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review 2018-10-16 07:27
REVIEW BY MERISSA - Ripping Off The Mask by Harper Jewel
Ripping Off The Mask - Harper Jewel

Ripping Off The Mask starts with action. Coop is with his (work) partner, Silvio, when they are called to a bank robbery. Others are on their way, or already there, chasing the suspects. Silvio goes off by himself as he is faster than Coop. That leads to them both being shot, only Silvio doesn't make it. What he does do is to open up a hornet's nest within Coop, as he tries to come to terms with everything that has happened, and what he did.

I liked Coop and Wes when they weren't talking. In fact, I liked ALL the characters when they weren't talking. The minute they opened their mouths, I lost interest. The conversations and comments made came across as very stilted and forced, with lots of repetition between what they thought and what they said.

Some of the situations in the book just didn't seem realistic - and yes, I know this is fiction, but I still like to be able to pretend it's real! There is a paranormal element to this book that you will either like or loathe. Personally, I liked it, but that's just me. The premise of this book is a good one, and has all the elements there that I normally like. However, although I still liked the book, it didn't really get to me. There are plenty of themes in this book, from the twins separated at birth, to ghosts/angels, to the big bad with a rough childhood. This is a long book, so there is plenty of time for everything to play out.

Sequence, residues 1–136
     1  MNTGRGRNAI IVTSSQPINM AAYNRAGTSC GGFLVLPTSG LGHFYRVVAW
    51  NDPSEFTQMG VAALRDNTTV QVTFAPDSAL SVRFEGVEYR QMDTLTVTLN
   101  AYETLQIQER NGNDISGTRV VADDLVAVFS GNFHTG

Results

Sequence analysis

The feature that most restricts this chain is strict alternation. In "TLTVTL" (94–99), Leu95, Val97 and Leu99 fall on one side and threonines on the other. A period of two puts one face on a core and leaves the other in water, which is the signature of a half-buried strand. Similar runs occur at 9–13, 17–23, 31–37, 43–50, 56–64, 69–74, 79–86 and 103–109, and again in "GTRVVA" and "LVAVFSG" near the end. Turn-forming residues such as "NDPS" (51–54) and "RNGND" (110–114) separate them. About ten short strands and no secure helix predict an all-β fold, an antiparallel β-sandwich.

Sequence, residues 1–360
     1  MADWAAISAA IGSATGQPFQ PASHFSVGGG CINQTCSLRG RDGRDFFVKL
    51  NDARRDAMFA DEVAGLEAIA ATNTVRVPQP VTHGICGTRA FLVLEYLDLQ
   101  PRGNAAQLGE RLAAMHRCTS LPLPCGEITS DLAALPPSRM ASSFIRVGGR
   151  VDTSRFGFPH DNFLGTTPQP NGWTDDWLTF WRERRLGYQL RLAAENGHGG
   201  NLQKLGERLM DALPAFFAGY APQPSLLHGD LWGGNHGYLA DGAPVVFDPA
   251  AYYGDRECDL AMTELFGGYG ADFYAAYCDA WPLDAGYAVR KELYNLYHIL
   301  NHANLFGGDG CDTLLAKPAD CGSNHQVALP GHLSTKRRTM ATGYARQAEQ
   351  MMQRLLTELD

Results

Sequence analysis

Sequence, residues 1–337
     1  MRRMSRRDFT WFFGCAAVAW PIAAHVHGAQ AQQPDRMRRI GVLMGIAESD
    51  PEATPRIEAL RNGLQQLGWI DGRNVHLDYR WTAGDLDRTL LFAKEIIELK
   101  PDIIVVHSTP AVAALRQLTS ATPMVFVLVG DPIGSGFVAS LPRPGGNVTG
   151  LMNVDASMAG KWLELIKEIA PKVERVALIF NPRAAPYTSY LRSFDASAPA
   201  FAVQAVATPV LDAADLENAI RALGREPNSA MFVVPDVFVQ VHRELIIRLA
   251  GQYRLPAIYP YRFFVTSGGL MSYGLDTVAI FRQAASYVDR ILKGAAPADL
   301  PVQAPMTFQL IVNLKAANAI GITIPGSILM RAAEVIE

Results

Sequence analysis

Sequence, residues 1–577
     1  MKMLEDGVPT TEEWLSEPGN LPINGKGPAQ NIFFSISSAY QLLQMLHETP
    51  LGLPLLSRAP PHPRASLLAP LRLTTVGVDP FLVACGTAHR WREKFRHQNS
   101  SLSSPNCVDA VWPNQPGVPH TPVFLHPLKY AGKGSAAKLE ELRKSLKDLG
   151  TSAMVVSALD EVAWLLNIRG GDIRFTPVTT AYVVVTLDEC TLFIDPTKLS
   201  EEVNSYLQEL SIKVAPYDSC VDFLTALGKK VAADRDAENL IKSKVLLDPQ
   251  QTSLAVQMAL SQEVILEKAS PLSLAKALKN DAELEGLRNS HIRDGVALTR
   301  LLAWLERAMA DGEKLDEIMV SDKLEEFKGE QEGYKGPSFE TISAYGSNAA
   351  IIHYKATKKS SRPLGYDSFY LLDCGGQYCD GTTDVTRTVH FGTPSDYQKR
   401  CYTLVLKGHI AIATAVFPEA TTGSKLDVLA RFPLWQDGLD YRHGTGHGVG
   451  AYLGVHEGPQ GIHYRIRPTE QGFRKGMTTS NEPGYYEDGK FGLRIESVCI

I think if you can get to grips with the pacing and style of writing, then you will probably enjoy this book.

* A copy of this book was provided to me with no requirements for a review. I voluntarily read this book, and the comments here are my honest opinion. *

Merissa
Archaeolibrarian - I Dig Good Books!

Source: archaeolibrarian.wixsite.com/website/single-post/2018/08/10/Ripping-Off-The-Mask-by-Harper-Jewel
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review 2018-10-15 07:41
Peachy Flippin' Keen
Peachy Flippin' Keen - Molly Harper

A short story about one of the cousins in the Southern Eclectic series, the coroner for Lake Sackett, Frankie McCready.  This story outlines the history behind the battle between her and an over privileged teen age boy who didn't get his way during a school trip.  This battle becomes a sub-plot in the longer novel Ain't She a Peach.

 

It's moderately amusing, but doesn't reach full Harper potential for laugh out loud gags, likely because of the short story format.  Still, it was an amusing way to spend a couple of hours in the car, and Amanda Ronconi does a fantastic job with the narration.